On the Capital Children's Museum's Web Pages

In my free time I do some volunteering at the Capital Children's Museum in Washington, DC. This particular children's museum happens to be much more than a museum. It takes seriously its mission to celebrate human culture and creative expression. It excels at helping young minds awaken to the wonders of the world. It supports programs to involve youth actively in creative projects including the creation of video documentaries. Teens have access to a full video production facility. They plan, shoot and edit their own documentaries ¾ sometime even adding their own computer generated animations.

To help you picture the Capital Children's Museum, imagine a huge three storey red brick structure with dozens of exhibit rooms and oodles of nooks and cranies. Soon after the doors open each moring the sound of children's laughter and giggling fills the air. Almost all the exhibits include discovery based learning activities.

And now this museum is going on the World Wide Web. What will result?

In some respects, a web page is an ongoing, evergrowing newsletter. Announcements of events and happenings can be disseminated. Solicitations for volunteer help can be posted. If the museum needs specific expertise, say with a project involving desktop publishing, the web page can contain an appeal for such help. Chances are good that some kind soul in the greater metropolitan community will step forward. Even better, the museum can express publicly its appreciation of volunteers ¾ right on the web ¾ for all to see.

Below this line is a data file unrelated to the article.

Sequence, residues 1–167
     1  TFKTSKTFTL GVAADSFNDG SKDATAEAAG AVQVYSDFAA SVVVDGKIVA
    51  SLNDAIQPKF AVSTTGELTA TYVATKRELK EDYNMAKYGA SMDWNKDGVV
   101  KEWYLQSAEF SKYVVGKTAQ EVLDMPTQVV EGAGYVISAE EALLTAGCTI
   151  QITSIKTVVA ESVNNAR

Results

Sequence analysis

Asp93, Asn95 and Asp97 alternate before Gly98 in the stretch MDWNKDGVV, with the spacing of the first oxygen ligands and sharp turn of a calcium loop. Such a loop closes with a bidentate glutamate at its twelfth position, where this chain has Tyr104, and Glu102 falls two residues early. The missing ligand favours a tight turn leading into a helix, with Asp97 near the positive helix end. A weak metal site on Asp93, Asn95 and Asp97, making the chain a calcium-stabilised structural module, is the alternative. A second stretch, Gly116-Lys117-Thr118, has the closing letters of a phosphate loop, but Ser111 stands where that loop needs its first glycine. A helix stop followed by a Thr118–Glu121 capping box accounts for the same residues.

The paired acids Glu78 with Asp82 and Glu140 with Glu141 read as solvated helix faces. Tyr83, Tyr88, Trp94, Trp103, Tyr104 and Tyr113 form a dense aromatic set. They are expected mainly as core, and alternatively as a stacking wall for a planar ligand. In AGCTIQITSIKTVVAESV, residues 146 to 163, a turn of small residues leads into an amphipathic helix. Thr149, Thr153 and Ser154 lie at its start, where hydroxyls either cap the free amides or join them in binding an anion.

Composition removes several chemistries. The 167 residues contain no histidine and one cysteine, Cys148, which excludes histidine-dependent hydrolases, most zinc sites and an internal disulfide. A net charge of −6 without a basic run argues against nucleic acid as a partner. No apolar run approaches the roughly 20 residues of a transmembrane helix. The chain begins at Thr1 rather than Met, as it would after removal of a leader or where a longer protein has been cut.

For families and schools in the metro area, the museum's web page is sure to be a treasure. People will be able to plan their visits to the various exhibits at the museum, whetting children's appetites even before they arrive.

Do you think local businesses might take a greater interest in supporting the museum if they can see their names listed on the museum's web page. I suspect they might.

The most important potential of the web site to me, though, is that the museum can now exhibit the creative work of local youth to a worldwide audience. It would not be at all difficult for school art teachers to submit the best of their students' graphic work or music teachers of students' compositions. The museum's web page can add to its own brick building limitless wall space celebrating the creative spirit of the city's youth.

To be sure, it's a bit scary to contemplate how much incoming email this web page might generate. The museum's staff already put in long hours. Answering 3040 email messages per day is no small additional task, and the volume could easily grow to 8090 messages per day within just a few months.

I admire the leadership of the museum for their foresight and courage. The very existence of a home page will let the metropolitan community know that the museum is comfortable extending its presence into cyberspace. And the page will be an implicit invitiation to support the mission of the Children's Museum.

The social ramifications of having a museum on the web are just beginning to be understood. I'm quite sure that many positive things will be happening soon. The musum's original mission, which it has succeeded so well in fulfilling thus far, is going to explode into a whole new dimension. The Capital Children's Museum's Web site.

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